Hundreds of health centers across the nation this year have been assisting patients, staff and their communities to register to vote. Are they making a difference? Yes, they are! Here is just one inspiring story…
Ms. Joanna Jenkins has been a patient at Beaufort-Jasper-Hampton Comprehensive Health Services, Inc.’s Elijah Washington Medical Center in Sheldon, South Carolina, since the early 1970’s, where Afolabi Oguntoyinbo, MD, has served as her physician. When Dr. Oguntoyinbo saw Ms. Jenkins recently, the conversation came up about voting.
Despite her family having encouraged her for years to register to vote, at the age of 108 she never had. As this local news article by The Island Packet notes, Ms. Jenkins grew up at a time when Jim Crows laws were still enforced, and she and her family were not allowed to vote. Ms. Jenkins’ cousin, Arinethia Ferguson, makes an important point:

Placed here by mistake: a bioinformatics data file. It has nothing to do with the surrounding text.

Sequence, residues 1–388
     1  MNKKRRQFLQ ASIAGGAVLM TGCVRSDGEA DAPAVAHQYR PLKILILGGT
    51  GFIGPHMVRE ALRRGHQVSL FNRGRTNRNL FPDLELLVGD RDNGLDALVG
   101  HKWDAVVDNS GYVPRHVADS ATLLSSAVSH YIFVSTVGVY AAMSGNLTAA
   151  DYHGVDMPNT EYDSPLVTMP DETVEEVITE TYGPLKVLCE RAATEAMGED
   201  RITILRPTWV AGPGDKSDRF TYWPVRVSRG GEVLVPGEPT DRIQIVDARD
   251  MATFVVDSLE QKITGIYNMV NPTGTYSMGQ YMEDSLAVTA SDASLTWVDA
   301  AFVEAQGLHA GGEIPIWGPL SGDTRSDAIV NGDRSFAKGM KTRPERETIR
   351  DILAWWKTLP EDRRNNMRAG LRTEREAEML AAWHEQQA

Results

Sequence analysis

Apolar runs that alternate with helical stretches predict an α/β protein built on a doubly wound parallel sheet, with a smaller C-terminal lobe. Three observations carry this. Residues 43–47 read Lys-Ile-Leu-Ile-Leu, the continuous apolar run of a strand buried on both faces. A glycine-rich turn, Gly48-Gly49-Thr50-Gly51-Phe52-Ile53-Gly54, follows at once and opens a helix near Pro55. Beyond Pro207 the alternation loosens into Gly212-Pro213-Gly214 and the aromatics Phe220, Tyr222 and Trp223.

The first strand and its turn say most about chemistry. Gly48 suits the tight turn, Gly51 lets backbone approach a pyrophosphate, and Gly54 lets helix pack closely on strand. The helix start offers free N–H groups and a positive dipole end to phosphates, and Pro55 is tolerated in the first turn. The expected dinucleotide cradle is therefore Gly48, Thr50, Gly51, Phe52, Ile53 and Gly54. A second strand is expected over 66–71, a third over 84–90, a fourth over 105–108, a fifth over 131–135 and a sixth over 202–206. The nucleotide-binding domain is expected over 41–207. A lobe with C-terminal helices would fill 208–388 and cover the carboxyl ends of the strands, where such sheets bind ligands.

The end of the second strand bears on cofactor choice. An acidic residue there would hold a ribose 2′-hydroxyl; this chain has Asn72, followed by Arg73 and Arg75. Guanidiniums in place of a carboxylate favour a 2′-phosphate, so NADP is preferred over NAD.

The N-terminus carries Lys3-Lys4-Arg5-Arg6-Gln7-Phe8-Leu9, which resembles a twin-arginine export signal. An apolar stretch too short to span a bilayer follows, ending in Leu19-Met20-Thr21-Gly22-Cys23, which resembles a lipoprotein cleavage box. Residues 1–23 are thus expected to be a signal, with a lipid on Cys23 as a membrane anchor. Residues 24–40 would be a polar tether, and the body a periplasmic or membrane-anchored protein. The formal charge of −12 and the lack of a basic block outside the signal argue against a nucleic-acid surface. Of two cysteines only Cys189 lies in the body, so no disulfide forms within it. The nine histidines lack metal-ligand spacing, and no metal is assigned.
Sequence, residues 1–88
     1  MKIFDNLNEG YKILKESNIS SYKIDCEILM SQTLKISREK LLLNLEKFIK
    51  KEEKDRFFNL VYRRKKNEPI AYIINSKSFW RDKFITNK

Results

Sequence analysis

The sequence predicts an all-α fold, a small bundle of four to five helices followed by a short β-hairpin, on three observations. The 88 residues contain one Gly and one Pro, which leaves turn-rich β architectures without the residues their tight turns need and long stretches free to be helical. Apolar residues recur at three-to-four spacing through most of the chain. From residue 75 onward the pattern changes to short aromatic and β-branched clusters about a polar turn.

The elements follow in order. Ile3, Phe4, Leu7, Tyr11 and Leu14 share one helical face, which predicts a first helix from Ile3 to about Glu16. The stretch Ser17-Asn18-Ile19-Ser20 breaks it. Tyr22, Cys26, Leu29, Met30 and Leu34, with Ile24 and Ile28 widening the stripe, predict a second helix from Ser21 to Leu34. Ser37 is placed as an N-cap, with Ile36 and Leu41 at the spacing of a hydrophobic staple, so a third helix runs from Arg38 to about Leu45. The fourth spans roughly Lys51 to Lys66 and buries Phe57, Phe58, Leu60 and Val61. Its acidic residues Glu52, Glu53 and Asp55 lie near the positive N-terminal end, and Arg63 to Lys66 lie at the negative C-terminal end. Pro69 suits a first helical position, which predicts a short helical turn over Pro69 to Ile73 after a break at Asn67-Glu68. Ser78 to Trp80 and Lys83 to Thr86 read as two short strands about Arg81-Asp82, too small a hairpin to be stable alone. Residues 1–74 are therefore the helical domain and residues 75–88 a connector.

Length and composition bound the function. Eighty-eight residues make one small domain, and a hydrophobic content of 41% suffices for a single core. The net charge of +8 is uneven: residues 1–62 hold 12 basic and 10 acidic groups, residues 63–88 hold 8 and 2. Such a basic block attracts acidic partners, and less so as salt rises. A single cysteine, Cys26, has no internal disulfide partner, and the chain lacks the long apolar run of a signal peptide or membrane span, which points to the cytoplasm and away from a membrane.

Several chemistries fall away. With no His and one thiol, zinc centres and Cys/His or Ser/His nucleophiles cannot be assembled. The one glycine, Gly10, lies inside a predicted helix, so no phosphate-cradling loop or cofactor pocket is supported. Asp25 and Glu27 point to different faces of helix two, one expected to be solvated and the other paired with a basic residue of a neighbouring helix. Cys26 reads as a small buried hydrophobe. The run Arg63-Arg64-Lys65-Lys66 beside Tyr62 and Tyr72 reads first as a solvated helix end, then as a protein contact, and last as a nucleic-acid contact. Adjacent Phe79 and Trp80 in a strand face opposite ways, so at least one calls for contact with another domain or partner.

“Here it is, we have healthy, young, able people who have never been told they can’t vote, but don’t…Everyone who is eligible and able to vote, should. If a 108-year-old woman can do it, so can you.”
Because her health center provider talked to her about voting, and her health center was able to help her register to vote, Ms. Jenkins is now a registered voter and has voted absentee for the upcoming election. We never know all the barriers health center patients may be facing, like not being able to read or write or just being intimidated by the voting process itself. But, as Ms. Jenkins’ story highlights, by simply talking with patients about voting and providing the opportunity or assistance to help them register to vote or request an absentee ballot, Community Health Centers truly can open access to civic participation to anyone.
Learn more about Community Health Vote and how Community Health Centers are increasing voter participation in their communities through legal, permissible, nonpartisan voter engagement activities– voter registration, voter education, and get-out-the-vote: www.CHCVote.org